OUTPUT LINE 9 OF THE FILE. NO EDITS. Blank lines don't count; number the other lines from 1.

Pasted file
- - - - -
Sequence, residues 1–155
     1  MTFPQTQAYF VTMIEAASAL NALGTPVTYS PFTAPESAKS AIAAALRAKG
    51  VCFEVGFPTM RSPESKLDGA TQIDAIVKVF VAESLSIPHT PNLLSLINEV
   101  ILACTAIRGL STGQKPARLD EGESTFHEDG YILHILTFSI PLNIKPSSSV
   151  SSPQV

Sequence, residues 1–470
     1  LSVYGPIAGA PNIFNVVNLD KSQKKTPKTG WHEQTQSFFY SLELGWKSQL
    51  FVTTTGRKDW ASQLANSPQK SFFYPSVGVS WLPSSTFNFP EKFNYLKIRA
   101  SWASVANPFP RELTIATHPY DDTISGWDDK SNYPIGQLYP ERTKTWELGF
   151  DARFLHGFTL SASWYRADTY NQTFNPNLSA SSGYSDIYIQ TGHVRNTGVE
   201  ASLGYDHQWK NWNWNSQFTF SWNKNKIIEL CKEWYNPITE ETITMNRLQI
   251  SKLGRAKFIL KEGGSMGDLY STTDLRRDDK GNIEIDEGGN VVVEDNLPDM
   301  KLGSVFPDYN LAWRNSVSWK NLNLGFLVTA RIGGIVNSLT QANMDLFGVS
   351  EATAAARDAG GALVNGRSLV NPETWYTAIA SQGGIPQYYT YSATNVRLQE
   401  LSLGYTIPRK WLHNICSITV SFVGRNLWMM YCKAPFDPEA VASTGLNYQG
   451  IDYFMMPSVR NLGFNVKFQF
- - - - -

   101  SWASVANPFP RELTIATHPY DDTISGWDDK SNYPIGQLYP ERTKTWELGF